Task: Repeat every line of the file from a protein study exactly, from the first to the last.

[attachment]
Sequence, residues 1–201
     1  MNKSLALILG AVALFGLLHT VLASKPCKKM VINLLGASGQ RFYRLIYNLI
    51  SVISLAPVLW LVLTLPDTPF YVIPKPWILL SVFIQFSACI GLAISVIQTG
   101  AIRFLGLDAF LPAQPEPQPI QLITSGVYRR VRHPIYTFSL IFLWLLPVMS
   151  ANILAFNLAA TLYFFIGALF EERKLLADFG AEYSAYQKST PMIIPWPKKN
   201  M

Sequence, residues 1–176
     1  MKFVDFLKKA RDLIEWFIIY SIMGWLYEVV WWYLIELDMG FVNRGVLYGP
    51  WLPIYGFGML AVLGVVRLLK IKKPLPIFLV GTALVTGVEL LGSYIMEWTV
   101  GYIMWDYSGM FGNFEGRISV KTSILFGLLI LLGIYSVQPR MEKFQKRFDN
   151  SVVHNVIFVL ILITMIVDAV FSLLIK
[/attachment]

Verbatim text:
Sequence, residues 1–201
     1  MNKSLALILG AVALFGLLHT VLASKPCKKM VINLLGASGQ RFYRLIYNLI
    51  SVISLAPVLW LVLTLPDTPF YVIPKPWILL SVFIQFSACI GLAISVIQTG
   101  AIRFLGLDAF LPAQPEPQPI QLITSGVYRR VRHPIYTFSL IFLWLLPVMS
   151  ANILAFNLAA TLYFFIGALF EERKLLADFG AEYSAYQKST PMIIPWPKKN
   201  M

Sequence, residues 1–176
     1  MKFVDFLKKA RDLIEWFIIY SIMGWLYEVV WWYLIELDMG FVNRGVLYGP
    51  WLPIYGFGML AVLGVVRLLK IKKPLPIFLV GTALVTGVEL LGSYIMEWTV
   101  GYIMWDYSGM FGNFEGRISV KTSILFGLLI LLGIYSVQPR MEKFQKRFDN
   151  SVVHNVIFVL ILITMIVDAV FSLLIK